This chapter explores the characteristics of the atmosphere in spring. It relates the distribution of ozone and NOx to ozonesonde data and the temperature and movement of the air. My data sources are here for maps showing ozone and NOx profiles and here for ozonesonde data and here for maps showing temperature, pressure and wind.
The objective is to investigate the factors responsible for the composition, temperature, density and movement of the air. The discussion pertains to the origin of the planetary winds, cloud cover and surface temperature, in short climate change.
Above: Ozone at 50 hPa 11th to 13th September at six hourly intervals.
The diagrams above show ozone at the 50 hPa pressure level (20km) in the southern hemisphere at 6 hourly intervals. Observe that the rotation of the atmosphere above the Antarctic continent over 54 hours amounts to about half a circle. A full rotation at this rate would take 4.5 days.
It takes about 10 days for a mid latitude anticyclone to pass a point on the Earth’s surface at the latitude of southern Australia. It takes about five days for a polar cyclone to pass from one side of the continent to the other.
As the Earth spins on its axis the morning sun appears on the eastern horizon. The atmosphere moves from the west to the east rotating faster than the Earth itself. The rate of rotation of the atmosphere increases with latitude. In winter, in high latitudes, the rate of rotation also increases with height. This is counter-intuitive. It is commonly asserted that the heat that is absorbed in the tropics is providing the energy to drive the circulation of the air. In general, wherever energy is applied to a system, that is where the most vigorous response is to be found. The movement of the atmosphere, more exaggerated at the poles than at the equator, suggests that the force driving the circulation is being applied at or near the poles. In fact, the greatest depression of surface pressure and the greatest peak in atmospheric pressure on a global scale is to be found in the region of the Antarctic continent in winter. The strongest winds at the surface of the planet merge at 60-70° south latitude. The variation in the temperature of the Earth at every particular latitude is greatest in the middle of winter when the flux in the ozone content of the air is most extreme.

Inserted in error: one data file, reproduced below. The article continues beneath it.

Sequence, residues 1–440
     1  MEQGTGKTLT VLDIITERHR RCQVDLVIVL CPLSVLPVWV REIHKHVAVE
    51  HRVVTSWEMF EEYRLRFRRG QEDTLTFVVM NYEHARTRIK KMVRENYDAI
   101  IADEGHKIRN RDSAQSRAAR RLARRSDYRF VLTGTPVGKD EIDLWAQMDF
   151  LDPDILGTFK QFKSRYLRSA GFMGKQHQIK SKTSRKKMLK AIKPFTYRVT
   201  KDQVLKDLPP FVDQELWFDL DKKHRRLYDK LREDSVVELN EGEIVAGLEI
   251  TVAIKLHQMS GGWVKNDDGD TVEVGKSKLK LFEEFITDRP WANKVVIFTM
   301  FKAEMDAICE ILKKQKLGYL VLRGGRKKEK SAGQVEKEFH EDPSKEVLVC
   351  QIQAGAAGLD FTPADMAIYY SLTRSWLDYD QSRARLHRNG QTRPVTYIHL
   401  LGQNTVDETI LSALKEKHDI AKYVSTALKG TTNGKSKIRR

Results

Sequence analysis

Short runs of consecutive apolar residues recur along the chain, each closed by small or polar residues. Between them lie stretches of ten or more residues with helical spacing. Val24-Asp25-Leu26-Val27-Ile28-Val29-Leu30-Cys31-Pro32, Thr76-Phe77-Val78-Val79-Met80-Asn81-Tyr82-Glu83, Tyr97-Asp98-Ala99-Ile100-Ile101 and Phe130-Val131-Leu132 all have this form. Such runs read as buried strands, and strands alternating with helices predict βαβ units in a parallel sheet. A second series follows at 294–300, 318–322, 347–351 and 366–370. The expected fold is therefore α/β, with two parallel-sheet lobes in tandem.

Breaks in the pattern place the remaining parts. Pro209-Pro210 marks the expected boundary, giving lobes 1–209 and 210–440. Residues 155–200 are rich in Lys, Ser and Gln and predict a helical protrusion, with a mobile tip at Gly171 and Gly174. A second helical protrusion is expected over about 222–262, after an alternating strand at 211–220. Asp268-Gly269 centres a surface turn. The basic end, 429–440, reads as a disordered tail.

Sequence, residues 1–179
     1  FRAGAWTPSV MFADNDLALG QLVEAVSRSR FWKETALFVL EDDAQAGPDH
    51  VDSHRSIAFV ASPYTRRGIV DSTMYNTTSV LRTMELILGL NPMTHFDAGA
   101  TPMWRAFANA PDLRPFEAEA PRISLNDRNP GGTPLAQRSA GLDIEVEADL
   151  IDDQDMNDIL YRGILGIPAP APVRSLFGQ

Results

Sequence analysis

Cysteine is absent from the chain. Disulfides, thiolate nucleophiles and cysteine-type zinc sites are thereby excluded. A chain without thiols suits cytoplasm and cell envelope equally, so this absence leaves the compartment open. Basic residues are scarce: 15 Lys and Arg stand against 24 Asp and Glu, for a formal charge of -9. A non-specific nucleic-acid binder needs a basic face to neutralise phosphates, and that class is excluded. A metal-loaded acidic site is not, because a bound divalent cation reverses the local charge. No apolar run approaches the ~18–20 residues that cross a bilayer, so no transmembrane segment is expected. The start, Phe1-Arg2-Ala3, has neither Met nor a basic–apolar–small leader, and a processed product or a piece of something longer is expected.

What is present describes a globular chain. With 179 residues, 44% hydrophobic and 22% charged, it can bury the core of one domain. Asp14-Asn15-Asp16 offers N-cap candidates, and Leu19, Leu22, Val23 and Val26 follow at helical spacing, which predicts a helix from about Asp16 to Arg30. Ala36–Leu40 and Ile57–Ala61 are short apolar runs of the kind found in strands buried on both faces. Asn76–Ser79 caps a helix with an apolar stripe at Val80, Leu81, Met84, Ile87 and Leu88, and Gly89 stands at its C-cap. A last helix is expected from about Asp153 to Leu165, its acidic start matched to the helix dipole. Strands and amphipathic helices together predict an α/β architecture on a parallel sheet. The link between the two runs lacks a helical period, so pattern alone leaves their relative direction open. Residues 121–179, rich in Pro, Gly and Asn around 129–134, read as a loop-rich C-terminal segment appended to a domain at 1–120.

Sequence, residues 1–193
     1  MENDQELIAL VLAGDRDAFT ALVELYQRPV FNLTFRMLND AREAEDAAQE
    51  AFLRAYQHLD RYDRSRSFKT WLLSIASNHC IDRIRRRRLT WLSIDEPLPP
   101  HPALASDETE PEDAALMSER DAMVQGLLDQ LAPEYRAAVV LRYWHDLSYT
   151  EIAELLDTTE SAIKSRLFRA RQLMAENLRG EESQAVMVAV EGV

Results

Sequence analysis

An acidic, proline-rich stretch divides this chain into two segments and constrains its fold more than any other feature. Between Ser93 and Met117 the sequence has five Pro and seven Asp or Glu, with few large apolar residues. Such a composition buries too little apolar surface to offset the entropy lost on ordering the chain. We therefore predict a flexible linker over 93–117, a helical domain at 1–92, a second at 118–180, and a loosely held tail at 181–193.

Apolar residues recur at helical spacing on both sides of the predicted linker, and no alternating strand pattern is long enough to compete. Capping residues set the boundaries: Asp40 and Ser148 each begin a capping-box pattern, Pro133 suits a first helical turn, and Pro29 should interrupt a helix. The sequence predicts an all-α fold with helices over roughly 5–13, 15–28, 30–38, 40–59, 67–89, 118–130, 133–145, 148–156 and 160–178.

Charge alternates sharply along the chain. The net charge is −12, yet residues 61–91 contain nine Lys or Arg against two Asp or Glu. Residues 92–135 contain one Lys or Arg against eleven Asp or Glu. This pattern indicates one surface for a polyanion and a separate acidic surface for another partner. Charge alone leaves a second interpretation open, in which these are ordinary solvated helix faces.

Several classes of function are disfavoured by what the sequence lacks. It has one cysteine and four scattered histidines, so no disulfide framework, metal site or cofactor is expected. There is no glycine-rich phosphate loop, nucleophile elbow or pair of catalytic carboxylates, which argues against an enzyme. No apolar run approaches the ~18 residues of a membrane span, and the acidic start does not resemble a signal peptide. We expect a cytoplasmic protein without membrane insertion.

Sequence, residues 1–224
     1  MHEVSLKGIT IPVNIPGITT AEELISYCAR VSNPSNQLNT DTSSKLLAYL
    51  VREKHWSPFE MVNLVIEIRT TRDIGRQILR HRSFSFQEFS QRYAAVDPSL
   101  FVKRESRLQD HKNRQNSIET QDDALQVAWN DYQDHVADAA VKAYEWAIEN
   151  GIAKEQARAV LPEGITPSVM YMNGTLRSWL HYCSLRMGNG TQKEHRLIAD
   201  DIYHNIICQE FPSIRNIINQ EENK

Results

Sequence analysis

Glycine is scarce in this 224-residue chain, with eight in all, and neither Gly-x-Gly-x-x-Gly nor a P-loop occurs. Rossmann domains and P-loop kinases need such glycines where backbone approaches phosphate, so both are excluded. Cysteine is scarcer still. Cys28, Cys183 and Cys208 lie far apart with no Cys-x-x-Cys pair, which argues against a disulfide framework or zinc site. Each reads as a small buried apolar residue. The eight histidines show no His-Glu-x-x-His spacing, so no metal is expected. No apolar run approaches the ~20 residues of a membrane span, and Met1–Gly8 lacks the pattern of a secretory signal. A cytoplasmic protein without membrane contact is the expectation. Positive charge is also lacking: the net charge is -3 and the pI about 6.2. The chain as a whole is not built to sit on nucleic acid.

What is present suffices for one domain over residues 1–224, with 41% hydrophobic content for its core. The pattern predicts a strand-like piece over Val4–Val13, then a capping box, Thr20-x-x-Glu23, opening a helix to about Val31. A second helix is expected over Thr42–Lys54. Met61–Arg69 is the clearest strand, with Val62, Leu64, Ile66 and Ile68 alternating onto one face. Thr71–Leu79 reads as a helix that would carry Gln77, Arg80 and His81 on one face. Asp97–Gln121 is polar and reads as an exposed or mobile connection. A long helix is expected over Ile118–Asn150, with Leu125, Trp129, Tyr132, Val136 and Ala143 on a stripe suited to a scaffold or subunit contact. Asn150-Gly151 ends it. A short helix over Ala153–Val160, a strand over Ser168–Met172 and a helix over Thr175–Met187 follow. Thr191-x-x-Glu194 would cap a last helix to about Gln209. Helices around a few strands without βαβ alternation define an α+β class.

The distribution of ozone at 50 hPa might be described as annular or ring like in shape surrounding the pole. Tracers of ozone fan out towards low latitudes from nodes of relatively high ozone partial pressure. Such a node is located between Antarctica and Australia/New Zealand as seen in the diagram above.
The tracer pattern of ozone distribution is similar to what we observe when a broad bladed paddle is applied to a can of paint. As we stir, a vortex is created in the middle where the centre of the circulation is depressed in relation to the perimeter. Intuitively, the Antarctic circulation is driven in a similar fashion. There is obviously no broad bladed paddle at work. The differences in air density on either side of latitude 60-70° south that give rise to polar cyclones increase as the ozone content of the air is enhanced in winter. The seasonal descent of very cold mesospheric air over the pole chills the interior as the ozone content of the air increases outside the margins of that very cold mesospheric air. These developments together create a situation of atmospheric stress related to extreme differences in air density that is entirely local in origin. We know that the ‘zonal wind’ (east west) varies in conformity with geomagnetic activity. So it is likely that the driving force of this system is in part compositional (density related) and in part electromagnetic in origin.
This description of the forces responsible for the winds in high latitudes is very different to that given in the ‘climate science’ of this day. In fact climate science can not enlighten us as to the origins of the zone of extremely low surface pressure on the margins of Antarctica or the indeed the historical decline in surface pressure in high latitudes let alone the reversal in that process of decline that is currently under-way.None of these features rate a mention. Climate science is dominated by radiative theory and the notion that back radiation from ‘radiation absorbers’ like CO2 and water vapour drives surface temperature. Geographers are out of fashion. Mathematicians and Physicists who know little of the geography of climate hold sway.
Above: Ozone at 50 hPa at daily intervals.
The diagrams above show the state of the atmosphere at daily intervals. Every particular feature changes in shape over the 24 hour interval between one diagram and the next. There are locations centred on latitude 30° south where ozone partial pressure is low and atmospheric pressure tends to be persistently high. One such lies in the Indian Ocean to the west of Australia a second in the Pacific to the west of the South American continent. A third is located in the South Atlantic to the west of Africa